Employee Satisfaction Research – a Starting Point for Reducing Staff Turnover

According to an Aon Hewitt report, the voluntary staff turnover rate in China in 2012 was 18.9%. The figures for the retail, high-tech, FMCG and healthcare industries appear more unsettling, reaching 31%, 26.6%, 19.5%, and 19.2% respectively.

High employee churn causes significant financial losses to a company. According to the AMA (American Management Association) survey findings, the cost of employee turnover is around 130% of an employee’s annual salary. What is more, the employee turnover cost of managers and sales employees can be as high as 200%–250% of their annual salary. With statistics like these it’s only natural to ask, “What can be done to reduce employee turnover?”

A common – and perhaps short-sighted – answer is that a pay rise would work. However, seasoned managers all know how short the effect of such a solution can be. In fact, staff well-being and their level of satisfaction have been found to directly impact on employee turnover. A staff satisfaction programme for understanding, monitoring, and improving employee satisfaction is therefore becoming increasingly important to companies in China.

What is an employee satisfaction survey?

A typical staff satisfaction programme involves five steps: identify issues; measure issues; create an action plan; implement actions; and re-dontevaluate. Employee research is the first step when undertaking a programme to improve the working experience of staff. It gives employees a “voice” and thus allows areas of dissatisfaction to be identified. Common approaches to employee research use a combination of qualitative and quantitative research designs. While a number of “off-the-shelf” employee survey packages are available for purchase, most companies choose a personalised programme conducted either by an external agency/partner or the in-house HR team.

Qualitative research methods tie in closely to the social sciences and are frequently used during early consultations with staff so as to identify those issues of greatest importance (to employees and to management alike) that should be measured. Key to this initial consultative stage is that employees are able to honestly and openly express their views about their organisation, both in terms of their experiences and their ambitions/desires, and that the survey must be reflective of this. Internal focus groups, online groups/forums, and in-depth, face-to-face or telephone interviews are all approaches that can be considered at this stage.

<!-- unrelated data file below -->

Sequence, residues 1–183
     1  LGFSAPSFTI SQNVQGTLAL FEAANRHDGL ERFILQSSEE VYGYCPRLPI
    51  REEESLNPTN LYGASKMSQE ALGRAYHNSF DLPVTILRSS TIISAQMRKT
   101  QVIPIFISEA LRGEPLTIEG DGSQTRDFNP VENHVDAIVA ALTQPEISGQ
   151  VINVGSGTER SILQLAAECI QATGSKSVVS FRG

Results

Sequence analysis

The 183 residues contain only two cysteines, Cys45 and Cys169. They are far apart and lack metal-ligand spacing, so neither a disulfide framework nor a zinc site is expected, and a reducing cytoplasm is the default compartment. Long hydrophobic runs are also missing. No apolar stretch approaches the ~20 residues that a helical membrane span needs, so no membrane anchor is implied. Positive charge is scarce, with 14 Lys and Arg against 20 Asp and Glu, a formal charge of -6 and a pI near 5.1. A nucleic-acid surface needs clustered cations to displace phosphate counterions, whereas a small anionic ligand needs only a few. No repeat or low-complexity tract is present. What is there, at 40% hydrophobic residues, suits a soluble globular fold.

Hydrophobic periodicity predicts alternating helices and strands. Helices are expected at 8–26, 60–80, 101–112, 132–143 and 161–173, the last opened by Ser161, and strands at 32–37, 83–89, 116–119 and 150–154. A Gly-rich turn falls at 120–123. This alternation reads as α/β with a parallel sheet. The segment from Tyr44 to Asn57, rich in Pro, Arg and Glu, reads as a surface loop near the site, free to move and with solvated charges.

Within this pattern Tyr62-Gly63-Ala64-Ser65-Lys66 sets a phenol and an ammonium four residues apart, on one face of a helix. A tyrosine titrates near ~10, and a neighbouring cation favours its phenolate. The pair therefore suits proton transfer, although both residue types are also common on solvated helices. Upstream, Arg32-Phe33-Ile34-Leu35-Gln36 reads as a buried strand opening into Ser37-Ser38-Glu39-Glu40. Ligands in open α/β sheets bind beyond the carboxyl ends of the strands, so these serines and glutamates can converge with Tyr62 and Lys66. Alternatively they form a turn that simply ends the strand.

Following on from the initial qualitative research, there would normally be a phase of quantitative research. Designed to expand upon and develop the issues arising in the initial consultative stage, the quantitative research involves a much larger sample size and aims to quantify and measure opinion. It is usual for this to take the form of a census survey comprising mainly closed questions. All employees would normally be invited to participate, with an e-survey being the most common method used nowadays.

What would an employee satisfaction survey cover?

The areas that commonly impact on staff experience and thus tend to be covered in an employee survey include the following:

  • Company leadership/direction
  • Line management
  • Company communications
  • Opportunities for staff development
  • Working environment, facilities and conditions of service
  • Company culture

The challenges of employee research, and how to overcome them

One of the greatest challenges when carrying out staff consultations and surveys can be getting “buy-in” from employees. Poor response rates, unclear or insufficient questionnaire responses, or a failure to use the survey results to drive actions and make improvements are just some of the frustrations reported.

In order to improve response rates and participation, the following actions should be considered:

  • CEO involvement and support for the survey should be made clear. It is a good idea for the invitation to participate to come from the CEO.
  • More generally, management should demonstrate its support for the survey.
  • There should be publicity and information distributed prior to the survey (e.g. email alerts and team briefings in advance).
  • During completion of the survey, support should be readily available.
  • Incentives (e.g. prizes) can improve response rates dramatically.
  • There should be the promise to share headline results (e.g. bullet points about the principal issues emerging) very shortly after the close of the survey.

If external agencies are used for the design and delivery of the survey, there are certain actions they too can take to ensure a higher response rate:

  • Clear use of a recognisable logo in association with the survey
  • Help in composing an inviting introductory letter/email
  • Ensuring that the survey looks attractive and that answering the questions will be enjoyable
  • Paying attention to the wording and length of the questionnaire
  • Sending reminders to complete the survey (targeted only at the non-respondents)
  • Management of a survey helpline
  • Provision of a “Stop and Save” e-survey option – that is to say, a survey that does not need to be completed in one go

In summary, employee research is the starting point in understanding the needs and perceptions of the workforce and a vital first step in reducing staff churn. The findings of any employee research can – and should – be used to develop a strategy for building a committed workforce who will contribute to the well-being and future security and success of the organisation.

Author, Daniel Sun, B2B International

First published in Asia Research Magazine, Q1 2014